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My questions is basically all in the title. I have no real application in mind, I'm just trying to make sure I use generally accepted good coding practices, and I remember my CS professor saying that breaks are generally avoided when possible, but he never told us why.

I would ask him myself, but he's out of his office this summer.

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What you mean with breaks exactly? – dknaack Jul 19 '11 at 13:51
Your professor is out of his office for the summer....on a break? – Yuck Jul 19 '11 at 13:57
Thanks for all the help everyone! – Joshua Jul 19 '11 at 15:04
You might want to check this question as well: – Don Aug 12 '13 at 20:01
up vote 3 down vote accepted

This is a theological issue. People who are opposed to the use of break (or continue for that matter) say that it makes the control flow of the program harder to follow and thus makes the program less readable. But an easier way to make readable code is simply to make shorter functions, use meaningful variable names, comment appropriately, etc.

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Sometimes professors are wrong.

He may object to skipping out of a loop right in the middle of it. This is akin to using a return statement in the middle of a function...some consider that blasphemy.

What ever is the simplest, and produces the most easily maintainable code, is what should be used.

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Generally speaking, you will use 'break' to get out of cycles when a certain condition is met (for instance, when you've found what you're looking for, etc.); I don't consider it 'evil' such as the infamous GOTO statement, but reasonable people will differ.

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What Dijkstra said was harmful about goto statements -


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Playing devil's advocate: The opponents of break argue it's a thinly-disgused goto. – delnan Jul 19 '11 at 14:09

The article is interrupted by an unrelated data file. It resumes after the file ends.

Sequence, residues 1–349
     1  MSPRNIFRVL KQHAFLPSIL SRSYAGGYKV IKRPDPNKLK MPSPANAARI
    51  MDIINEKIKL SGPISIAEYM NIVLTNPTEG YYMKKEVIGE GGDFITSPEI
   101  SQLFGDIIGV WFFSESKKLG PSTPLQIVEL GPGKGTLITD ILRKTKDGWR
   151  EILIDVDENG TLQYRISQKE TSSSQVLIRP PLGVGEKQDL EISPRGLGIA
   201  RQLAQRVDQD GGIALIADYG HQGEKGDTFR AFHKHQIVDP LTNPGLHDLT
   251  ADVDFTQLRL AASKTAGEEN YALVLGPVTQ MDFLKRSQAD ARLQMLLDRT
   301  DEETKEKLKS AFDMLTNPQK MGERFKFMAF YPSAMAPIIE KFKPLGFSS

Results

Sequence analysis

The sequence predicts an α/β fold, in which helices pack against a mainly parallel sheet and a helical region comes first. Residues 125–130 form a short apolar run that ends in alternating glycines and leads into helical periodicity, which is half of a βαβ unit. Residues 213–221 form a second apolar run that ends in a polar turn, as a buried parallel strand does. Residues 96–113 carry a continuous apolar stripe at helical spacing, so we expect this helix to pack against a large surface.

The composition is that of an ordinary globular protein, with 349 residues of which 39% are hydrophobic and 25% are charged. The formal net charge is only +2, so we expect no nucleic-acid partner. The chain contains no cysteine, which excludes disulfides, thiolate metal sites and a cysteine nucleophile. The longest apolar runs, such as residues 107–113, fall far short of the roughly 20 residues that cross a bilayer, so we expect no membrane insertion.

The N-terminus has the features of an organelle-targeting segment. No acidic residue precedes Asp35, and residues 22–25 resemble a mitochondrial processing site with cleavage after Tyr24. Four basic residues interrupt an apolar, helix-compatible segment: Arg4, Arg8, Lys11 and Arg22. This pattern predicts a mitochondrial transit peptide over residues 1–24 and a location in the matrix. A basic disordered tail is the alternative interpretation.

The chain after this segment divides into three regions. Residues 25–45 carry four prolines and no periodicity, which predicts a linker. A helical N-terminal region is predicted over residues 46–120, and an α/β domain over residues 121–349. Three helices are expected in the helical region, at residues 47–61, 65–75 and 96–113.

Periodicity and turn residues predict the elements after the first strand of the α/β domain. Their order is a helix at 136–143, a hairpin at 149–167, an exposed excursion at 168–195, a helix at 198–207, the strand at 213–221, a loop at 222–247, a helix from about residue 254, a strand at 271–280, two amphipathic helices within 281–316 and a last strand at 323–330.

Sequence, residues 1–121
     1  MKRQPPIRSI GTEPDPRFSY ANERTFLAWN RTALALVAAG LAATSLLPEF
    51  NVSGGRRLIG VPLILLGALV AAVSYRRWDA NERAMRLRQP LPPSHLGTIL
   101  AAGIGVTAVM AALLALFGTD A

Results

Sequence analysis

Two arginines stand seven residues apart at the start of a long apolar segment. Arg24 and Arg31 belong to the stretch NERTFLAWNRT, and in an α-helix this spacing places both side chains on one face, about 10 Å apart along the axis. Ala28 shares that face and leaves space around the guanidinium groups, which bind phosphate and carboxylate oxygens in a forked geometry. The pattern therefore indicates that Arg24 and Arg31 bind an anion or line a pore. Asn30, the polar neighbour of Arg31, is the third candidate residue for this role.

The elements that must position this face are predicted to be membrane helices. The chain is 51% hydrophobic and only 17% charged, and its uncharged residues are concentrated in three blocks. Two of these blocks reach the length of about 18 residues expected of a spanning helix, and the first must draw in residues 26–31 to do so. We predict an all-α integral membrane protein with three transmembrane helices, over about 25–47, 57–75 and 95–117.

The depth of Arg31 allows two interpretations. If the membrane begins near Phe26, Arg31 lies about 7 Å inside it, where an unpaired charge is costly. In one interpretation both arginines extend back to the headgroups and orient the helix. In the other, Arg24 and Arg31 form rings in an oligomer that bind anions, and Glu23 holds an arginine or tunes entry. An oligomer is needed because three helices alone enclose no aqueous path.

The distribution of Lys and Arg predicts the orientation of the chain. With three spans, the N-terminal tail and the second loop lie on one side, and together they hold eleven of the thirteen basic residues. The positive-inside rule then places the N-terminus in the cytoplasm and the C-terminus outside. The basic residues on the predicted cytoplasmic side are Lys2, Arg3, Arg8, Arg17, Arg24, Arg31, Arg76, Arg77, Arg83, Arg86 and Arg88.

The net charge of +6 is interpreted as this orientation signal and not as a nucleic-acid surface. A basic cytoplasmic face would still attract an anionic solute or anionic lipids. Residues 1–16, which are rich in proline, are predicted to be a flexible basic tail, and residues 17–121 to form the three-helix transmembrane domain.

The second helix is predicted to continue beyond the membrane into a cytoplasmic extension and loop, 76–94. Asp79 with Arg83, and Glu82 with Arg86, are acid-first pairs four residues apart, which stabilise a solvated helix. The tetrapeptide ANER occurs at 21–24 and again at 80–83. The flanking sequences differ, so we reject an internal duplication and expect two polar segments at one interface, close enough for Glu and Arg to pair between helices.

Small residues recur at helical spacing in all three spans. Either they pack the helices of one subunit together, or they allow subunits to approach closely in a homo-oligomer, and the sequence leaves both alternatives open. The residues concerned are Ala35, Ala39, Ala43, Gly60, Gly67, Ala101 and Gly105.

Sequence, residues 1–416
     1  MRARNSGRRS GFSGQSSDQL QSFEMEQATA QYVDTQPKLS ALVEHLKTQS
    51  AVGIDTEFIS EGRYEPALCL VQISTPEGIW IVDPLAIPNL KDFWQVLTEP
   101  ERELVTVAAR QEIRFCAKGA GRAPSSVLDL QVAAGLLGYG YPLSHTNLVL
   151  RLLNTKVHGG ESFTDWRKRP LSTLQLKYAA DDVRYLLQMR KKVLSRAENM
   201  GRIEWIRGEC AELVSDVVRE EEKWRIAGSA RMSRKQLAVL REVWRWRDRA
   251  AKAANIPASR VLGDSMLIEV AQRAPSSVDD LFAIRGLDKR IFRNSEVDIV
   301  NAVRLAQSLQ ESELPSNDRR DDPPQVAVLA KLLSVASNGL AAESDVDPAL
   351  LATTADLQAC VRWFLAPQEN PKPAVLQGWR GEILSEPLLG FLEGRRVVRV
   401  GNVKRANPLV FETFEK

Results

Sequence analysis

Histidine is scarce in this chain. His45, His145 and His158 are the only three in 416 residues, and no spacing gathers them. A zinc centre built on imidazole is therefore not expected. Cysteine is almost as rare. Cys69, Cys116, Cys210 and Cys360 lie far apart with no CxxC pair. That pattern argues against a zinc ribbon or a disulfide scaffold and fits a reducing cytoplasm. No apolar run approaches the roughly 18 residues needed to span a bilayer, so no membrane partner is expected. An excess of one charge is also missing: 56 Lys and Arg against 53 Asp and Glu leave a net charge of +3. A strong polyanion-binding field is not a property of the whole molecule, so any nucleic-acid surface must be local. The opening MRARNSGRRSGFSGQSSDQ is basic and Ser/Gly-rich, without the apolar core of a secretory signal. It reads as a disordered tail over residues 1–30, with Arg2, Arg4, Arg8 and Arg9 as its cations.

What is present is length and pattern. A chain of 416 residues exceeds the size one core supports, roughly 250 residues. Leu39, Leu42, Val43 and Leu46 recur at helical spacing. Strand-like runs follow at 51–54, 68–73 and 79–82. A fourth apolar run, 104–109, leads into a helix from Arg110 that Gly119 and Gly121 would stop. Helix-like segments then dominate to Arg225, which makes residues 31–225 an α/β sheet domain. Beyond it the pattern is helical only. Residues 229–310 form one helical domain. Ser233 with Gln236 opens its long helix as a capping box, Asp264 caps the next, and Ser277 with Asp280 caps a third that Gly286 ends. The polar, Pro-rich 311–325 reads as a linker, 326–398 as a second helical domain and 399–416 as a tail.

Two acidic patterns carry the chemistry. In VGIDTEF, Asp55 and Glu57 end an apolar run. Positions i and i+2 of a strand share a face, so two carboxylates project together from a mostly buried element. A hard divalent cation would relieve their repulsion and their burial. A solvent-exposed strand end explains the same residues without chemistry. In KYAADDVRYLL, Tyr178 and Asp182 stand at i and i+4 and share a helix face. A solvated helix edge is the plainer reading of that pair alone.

This is exactly what @darlington is saying. That some believe break is harmful for the same reason that goto is harmful. – Scott Wilson Jul 19 '11 at 18:13

Your professor was saying "breaks should be avoided" because they are similar to the now-taboo goto statement. However to say "breaks should be avoided whenever possible" is just wrong.

Break exists for readability. You can do anything without break that you can with it, but that doesn't mean you should. Sometimes it just makes sense to make a statement like "In this condition, break out of this loop." or "In this condition, return from this function."

It's a bad idea to use break for program flow in a nested for loops in a way that might give a casual reader some confusion.

Simple rule of thumb: Does using break here (instead of additional if/thens, another boolean, etc.) make this easier to understand or harder to understand? It's that simple.

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Ask your professor to try writing a switch statement in any C-style language without break. It can be done I'm sure, but the resulting code is not going to be any more readable.

switch (someExpression) {
    case enumVar.CaseA:
        // do things here, but don't you dare break!
    case enumVar.CaseB:
        // do other things - possibly unrelated or contradictory to CaseA

    // ... and so on
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